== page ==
Day 49 - 52 : Variety Week
Monday started of with "not so" bad weather, meaning the occasional rain and the less occasional, but ever so often, sun breaking through the heavy grey clouds. Either way it was planned and needed to progress: shoveling top soil into the beds of the polytunnel. On Sunday Andrew and Sarah had done a fantastic progress with two more raised beds filled up and now it was on Sarah and I to keep going. By the end of the day we (and by "we" I mean mostly Sarah because she was shoveling faster than I could handle the chickens, move the barrow wheel, unload and even the soil!) had achieved a phenomenal total of two and a half big as well as three smaller ones. There really was not much else going on apart from the arrival of waterproof pants that made such a huge difference I declared myself invincible to the weather conditions, I am in love with them and I rarely wear anything else now, they are unbelievably perfect!
Tuesday brought heavy rain and strong winds. That was absolutely fine with us as we had fixed this day to be our first day of sowing out the seeds that needed to be grown to seeldings before they could be transplanted into the polytunnel. I am not quite sure about the exact numbers but apart from three plants that needed to be directly sown into the raised beds, we did approximately fifteen other varieties of vegetables and edible flowers. Especially the fact that this, for us anyway, marked the start of the growing season made it an awesome day. Additionally just being able to imagining that soon all of it will start to germinate, grow into seedlings and bring some lush green life into the polytunnel, felt amazing to me. Now they silently live next door and I am in charge to care for their welfare, mostly keeping the moist levels perfectly steady and caressing them with kind words of encouragement to become the biggest, most healthiest plants ever raised by humans - humble as always!
The house, the ladder and outside area for the chickens has been finished last week, which meant that the inside needed to be prepared for the arrival of the new chickens on Tuesday next week as well as the current resident chickens in the polytunnel. Despite harsh weather conditions we achieved our goal of doing all of that, including the move from the polytunnel to the new accommodations and five self-made chicken nesting boxes out of wood that we could reuse, originally part of an old fence.
I got encouraged by Sarah to practice driving the quad up and down, transporting old palettes that would be used for our compost, and it really was a wonderful experience having so much power and possibilities to drive in difficult territory! Needless to say how much fun it is!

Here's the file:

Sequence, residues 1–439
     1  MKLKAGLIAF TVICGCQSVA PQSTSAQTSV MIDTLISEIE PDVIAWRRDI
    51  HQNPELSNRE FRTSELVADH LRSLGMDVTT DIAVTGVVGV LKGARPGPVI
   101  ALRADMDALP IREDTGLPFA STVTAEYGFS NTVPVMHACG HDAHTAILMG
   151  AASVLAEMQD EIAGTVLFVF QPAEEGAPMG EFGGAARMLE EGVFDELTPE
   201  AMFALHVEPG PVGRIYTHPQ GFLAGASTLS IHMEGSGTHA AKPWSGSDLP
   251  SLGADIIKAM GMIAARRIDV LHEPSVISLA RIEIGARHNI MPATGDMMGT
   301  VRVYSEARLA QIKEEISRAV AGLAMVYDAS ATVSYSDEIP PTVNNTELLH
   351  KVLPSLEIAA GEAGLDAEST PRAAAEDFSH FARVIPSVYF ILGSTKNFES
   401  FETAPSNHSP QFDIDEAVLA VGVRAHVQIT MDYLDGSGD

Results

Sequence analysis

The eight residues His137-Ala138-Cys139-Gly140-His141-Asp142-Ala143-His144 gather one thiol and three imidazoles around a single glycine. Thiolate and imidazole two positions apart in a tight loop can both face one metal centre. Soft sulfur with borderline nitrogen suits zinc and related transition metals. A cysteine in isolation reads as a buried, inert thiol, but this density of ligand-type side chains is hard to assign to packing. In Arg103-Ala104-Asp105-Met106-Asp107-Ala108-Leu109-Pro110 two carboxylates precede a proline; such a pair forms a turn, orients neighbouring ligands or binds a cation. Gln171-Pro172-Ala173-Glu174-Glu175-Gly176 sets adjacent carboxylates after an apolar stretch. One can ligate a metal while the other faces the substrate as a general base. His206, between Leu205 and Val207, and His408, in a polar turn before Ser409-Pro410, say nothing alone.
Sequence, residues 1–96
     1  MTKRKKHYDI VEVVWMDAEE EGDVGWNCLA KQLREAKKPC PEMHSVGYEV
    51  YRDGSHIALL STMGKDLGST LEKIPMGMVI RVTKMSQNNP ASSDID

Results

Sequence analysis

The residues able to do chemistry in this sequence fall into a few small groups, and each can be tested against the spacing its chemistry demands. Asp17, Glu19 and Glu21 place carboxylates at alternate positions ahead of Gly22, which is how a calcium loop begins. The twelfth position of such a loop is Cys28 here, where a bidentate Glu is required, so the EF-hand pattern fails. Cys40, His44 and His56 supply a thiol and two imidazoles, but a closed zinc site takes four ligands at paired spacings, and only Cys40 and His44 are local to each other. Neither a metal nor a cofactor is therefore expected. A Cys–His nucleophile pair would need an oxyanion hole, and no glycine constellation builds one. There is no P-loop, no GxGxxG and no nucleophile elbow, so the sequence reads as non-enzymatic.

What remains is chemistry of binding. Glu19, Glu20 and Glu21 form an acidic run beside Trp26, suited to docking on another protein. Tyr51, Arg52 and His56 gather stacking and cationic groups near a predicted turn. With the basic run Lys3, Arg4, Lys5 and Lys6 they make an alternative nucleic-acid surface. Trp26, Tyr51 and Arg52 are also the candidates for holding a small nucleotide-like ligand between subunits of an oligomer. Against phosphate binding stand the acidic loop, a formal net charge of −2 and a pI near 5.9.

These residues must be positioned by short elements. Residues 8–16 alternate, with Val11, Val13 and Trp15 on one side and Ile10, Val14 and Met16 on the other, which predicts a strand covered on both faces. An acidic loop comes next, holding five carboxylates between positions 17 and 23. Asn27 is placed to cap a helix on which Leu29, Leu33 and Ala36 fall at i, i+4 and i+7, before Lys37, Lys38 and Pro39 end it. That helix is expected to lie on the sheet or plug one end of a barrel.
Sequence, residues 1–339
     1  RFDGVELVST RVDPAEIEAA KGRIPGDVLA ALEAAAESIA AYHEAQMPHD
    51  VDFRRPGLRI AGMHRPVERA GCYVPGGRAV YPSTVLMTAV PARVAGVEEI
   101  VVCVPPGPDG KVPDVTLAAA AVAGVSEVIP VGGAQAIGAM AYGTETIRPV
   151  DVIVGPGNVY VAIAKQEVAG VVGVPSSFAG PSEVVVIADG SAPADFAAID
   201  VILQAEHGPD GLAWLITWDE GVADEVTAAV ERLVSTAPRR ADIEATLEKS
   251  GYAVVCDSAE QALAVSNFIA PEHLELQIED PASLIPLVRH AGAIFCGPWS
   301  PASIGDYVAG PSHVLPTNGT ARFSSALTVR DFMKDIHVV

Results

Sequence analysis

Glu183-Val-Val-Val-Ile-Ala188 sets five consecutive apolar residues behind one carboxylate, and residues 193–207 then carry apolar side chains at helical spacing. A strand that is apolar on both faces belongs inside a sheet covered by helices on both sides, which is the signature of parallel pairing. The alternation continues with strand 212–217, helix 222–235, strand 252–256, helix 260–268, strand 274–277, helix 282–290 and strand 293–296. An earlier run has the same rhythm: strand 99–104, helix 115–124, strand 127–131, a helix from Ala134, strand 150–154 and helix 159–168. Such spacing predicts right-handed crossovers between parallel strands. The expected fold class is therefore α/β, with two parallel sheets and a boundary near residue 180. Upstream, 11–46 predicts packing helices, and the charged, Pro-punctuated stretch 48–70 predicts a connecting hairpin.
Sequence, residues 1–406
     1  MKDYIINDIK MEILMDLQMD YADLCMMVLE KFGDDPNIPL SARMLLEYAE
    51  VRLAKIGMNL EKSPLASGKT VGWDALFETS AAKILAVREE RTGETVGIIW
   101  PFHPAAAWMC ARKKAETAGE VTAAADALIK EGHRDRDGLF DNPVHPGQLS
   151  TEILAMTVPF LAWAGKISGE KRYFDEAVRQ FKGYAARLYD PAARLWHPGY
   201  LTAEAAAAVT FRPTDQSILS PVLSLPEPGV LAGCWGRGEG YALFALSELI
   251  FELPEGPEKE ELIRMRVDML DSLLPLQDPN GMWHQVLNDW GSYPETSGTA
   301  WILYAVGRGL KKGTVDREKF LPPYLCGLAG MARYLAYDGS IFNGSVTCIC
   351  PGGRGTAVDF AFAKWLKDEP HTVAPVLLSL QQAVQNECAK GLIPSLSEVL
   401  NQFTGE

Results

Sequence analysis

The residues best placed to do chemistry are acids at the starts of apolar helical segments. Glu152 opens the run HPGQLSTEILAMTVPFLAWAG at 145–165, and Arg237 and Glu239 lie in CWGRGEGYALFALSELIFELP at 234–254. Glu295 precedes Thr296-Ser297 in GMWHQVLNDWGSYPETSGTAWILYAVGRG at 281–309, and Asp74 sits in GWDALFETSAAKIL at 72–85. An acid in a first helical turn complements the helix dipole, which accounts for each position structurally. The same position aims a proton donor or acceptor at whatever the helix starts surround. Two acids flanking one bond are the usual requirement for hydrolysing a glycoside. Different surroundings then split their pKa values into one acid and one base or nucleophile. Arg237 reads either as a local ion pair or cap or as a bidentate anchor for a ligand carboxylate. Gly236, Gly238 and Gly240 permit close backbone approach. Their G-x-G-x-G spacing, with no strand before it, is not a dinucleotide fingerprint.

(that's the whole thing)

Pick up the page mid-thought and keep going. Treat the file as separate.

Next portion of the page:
Coming home to Elliot and some PE (Physical Education) was wonderful too, because what started out as a supporting motivational act now became an enjoyable task of getting better and stronger, for both our own sakes but also together as a team unit.
Being a crofter with a flock of sheep bears huge responsibilities. For me as someone absolutely new to farming in general and with animals especially, I had no knowledge and really no clue what goes into it at all. The pictures in my head ranged between tens of thousands of animals in industrial production to small or medium farmers within a label program that has higher standards for animal welfare with gratifications for the produce - admittedly though, I never saw a farm from the inside, I never witnessed a daily routine and I never ever was able to get a feeling for the attachment and care that can be brought into their well-being.
Since I got here I was able to feed and care for Sarah and Andrew's animals, I have seen how they are in their natural habitat and how each of them are recognised by their distinct personalities. Today, once more, I was shown how much work and care goes into having a strong and healthy flock as it was time to check them, one by one. Similar to a visit at the doctor to make sure everything is alright, we would, literally, grab each one by their horns, investigate their teeth, feet, overall body status, feed them additional vitamins and minerals and vaccinate them against pretty much everything they could catch from living in the rough wilds of the Isle of Lewis. I was in charge of giving them their vitamin in liquid form which meant that, while Andrew would hold them steady, I needed to hose the liquid with an elongated, thin, pistol-like metal down their throats. It felt strange and forceful, aggressive even, but Andrew briefed me beforehand and his words made a difference because in the end the sheep would suffocate more from coping with an illness than from two seconds of liquid shoved into their mouths. I am ever grateful for this experience and the trust both Sarah and Andrew put into me by letting me handle their precious animals, including walking their lovely dogs, or even borrowing their car whenever I fancy to go to the beach (like today). At the end of the day this was what I came here to do- gather as much experience as possible to see what path of life I want to go down.
Another week has passed by and it has now been nearly two months since I said my good-byes and left Switzerland. Time flies by and I am so full of gratitude to be here. I could not have imagined more generous, funny and amiable hosts, I still am lucky enough to be in touch with all of the lovely, wonderful people I call my friends and who let me still be a part of their lives and last but not least, I am getting to know myself better with each day that passes, find out more and more what I want my life to look like someday in the future.
For now I am happy and thankful that I am able to enjoy diving into this experience, this opportunity, this island, this nature and travelling for as long as I want to, for as long as my darling Marjorie is happy to explore with me all that the world has to offer us.
Love and light, beloved souls